A Talk With Novelist Julie O'Yang

Julie O'Yang is novelist and visual artist based in The Netherlands.

Born and brought up in China, Julie O'Yang came to Europe in 1990s to study at the University of London. Then she read Japanese Language and Culture at the University of Leiden, Holland, and Tokyo, Japan. Her fiction, short fiction, poetry and articles have appeared in publications worldwide.
Her most recent title, Butterfly, a novel, has received praises from global audiences as well as international literary and art scene. Known for her unique literary voice both daring and challengingly contemporary, she is a forerunner and trendsetter of media reforms and 21st century indie publishing.

website: www.julieoyang.com |
Email: oyang.julie@gmail.com

Congratulations on the release of your book “Butterfly”. What kind of response you have been receiving?
>>Thank you!
I have to admit that I’m not very much a fan of reviews. I try to avoid them; most of the time they are distracting. Reviews are neither illuminating nor does a writer learn from things said or written about him/her.
Up until now I’ve been receiving splendid responses from peers as well as (wanna-be-) readers. Most encouraging words. I love to talk to my readers. I love to hear from real readers out there, then I know I’m not alone. I think my next book should be a law book to disallow loneliness (laughs). Seriously though, I’m grateful to the people who are allowing me to exist. I wake up every morning knowing that my voice is heard. I do realise  it’s a great responsibility. I have the power to change, change at least some little things, some little old dominating ways of thinking...
Tell us something about your book Butterfly?
>>The story and its main drive, the main get-up-and-go is the WWII/Sino-Japanese war (1931-1945). I took in hand a notorious chapter, the Massacre of Nanking, also known as the Rape of Nanking. The subject is taboo and has remained on the censored list of both China and Japan till this moment we talk. However, I want the rapedhistory we have to produce some beautiful offspring –
Butterfly  centres around the fatal love between a married Chinese woman and a much younger Japanese soldier. Then she finds out that the young stranger carries a dark secret, that he was her blood enemy. It’s a haunting love story a la Romeo and Juliet, but in my version, I allow the forbidden love to grow old through a time warp; I made the bending shore of Yangtze River magic and eternal for that purpose. Time is a river, you can’t step in it twice. But you can. It’s a modern fairytale. I wanted to write a  contemporary Odyssey bang on the drum anno 2012 –  
Grab print copy on   Amazon  Barns&Noble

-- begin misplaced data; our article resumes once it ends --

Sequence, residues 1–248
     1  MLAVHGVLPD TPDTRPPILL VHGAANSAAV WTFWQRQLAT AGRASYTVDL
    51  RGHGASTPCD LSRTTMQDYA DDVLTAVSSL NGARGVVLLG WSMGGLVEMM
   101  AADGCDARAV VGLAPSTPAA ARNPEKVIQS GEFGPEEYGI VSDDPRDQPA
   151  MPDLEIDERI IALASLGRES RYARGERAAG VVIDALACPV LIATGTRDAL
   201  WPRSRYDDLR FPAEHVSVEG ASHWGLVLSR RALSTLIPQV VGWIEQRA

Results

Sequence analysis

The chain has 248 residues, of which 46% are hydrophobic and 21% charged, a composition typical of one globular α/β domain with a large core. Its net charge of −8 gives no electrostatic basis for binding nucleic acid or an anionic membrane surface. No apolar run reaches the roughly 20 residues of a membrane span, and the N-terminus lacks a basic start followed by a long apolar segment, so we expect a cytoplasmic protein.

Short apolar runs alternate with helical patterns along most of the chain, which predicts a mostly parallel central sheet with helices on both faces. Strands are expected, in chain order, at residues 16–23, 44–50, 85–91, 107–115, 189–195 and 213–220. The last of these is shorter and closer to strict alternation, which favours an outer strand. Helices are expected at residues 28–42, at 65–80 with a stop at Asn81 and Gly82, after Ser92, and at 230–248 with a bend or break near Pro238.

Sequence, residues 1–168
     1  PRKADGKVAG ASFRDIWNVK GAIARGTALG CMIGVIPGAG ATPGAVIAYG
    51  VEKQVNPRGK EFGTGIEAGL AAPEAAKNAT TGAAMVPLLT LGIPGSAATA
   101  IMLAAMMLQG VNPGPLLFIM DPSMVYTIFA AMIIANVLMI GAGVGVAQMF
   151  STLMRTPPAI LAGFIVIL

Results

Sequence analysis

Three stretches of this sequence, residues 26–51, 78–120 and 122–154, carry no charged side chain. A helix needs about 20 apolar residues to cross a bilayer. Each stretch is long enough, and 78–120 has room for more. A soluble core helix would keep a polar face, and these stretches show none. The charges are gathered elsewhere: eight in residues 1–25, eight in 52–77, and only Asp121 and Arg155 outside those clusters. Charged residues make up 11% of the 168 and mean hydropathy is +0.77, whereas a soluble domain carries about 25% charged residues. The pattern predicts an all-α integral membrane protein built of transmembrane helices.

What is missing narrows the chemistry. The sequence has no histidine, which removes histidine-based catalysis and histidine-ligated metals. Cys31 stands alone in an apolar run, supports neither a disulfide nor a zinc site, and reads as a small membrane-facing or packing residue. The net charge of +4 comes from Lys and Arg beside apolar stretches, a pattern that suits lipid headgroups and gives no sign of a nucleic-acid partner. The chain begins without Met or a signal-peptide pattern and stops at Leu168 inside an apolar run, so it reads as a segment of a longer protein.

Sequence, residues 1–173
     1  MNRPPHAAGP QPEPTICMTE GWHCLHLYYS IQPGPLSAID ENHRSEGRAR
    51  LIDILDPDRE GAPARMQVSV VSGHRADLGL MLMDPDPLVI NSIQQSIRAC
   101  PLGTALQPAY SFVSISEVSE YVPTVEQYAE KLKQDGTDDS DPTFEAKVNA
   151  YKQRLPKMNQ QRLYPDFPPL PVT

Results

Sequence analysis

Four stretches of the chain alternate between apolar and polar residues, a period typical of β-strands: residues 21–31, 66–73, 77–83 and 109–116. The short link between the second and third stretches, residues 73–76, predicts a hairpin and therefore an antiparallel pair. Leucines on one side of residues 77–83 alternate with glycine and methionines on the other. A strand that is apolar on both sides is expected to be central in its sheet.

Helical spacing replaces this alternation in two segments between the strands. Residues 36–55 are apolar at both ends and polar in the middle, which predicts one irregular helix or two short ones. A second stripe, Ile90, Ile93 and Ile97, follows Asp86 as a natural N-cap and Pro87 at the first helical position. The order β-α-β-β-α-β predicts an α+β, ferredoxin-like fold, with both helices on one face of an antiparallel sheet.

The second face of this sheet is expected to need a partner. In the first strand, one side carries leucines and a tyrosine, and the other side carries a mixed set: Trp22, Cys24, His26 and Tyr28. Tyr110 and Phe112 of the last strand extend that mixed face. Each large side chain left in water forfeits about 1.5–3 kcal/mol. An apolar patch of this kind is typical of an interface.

How long did it take you to complete writing the book?
>>It took me three weeks to complete the first draft of the entire book. But the first draft is not art, as any good writer can tell you.  
>> It took me three weeks to complete the first draft of the entire book. But the first draft is not art, as any good writer can tell you.

What is the inspiration behind the story?
>> I’m an omnivorous muse serving myself. Whatever inspires me, from Newton to Einstein, from Dante to a wilted rose wrapped in dewdrops and dusty cobweb, everything seems to bring a brainwave in a shrew motion I like to see –    
Zhuangzi dreamed he was a butterfly, flitting around in the sky; then he awoke. Now he wonders: Am I a man who dreamt of being a butterfly, or am I a butterfly dreaming that I am a man.
It’s an ancient Chinese tale, one of my favourite Taoist tales from the Spring & Autumn Period. I remember that I was leafing through a book randomly and caught myself re-reading the tale. I hear my heart break with a small, clean sound. An entire vision unfolded with war horses, and a woman’s face surfacing from deep, dark water. Then I knew my story.

What is the message you want to convey through your book?
>>I give the world good stories. That’s my moral duty, the one and only.

Tell us something about your book previous work?
I’m a published author in Chinese, Dutch and English.

If you were a man, would there be anything different about your book?
>> “…I am a woman again – as I always am when I write,” Virginia Woolf’s said. I disagree with her. Writing is pretty much like acting, less glamorous and less paid perhaps. But aside from that, I tend to believe a writer is no-one and hence everyone. So to answer your question. Sometimes I’m even a 5000-year-old cicada found in a crashed UFO if that happens to be the place where I must be at a certain point of time.  

One book you would love to have written?
>>Butterfly, a novel by Julie O’Yang.

Could you tell us something about your future plans?  Have you started planning for your next book?
>>I’m working on two books at the moment. Two novels. They fight for my attention.

Any message for Himani Vashishta’s Diary readers...
>>I’m very happy to see so many young faces here: Stay young.

Thank you Julie for your time. Wish you all the best for your future works.
>>Thank you for your time, Himani!

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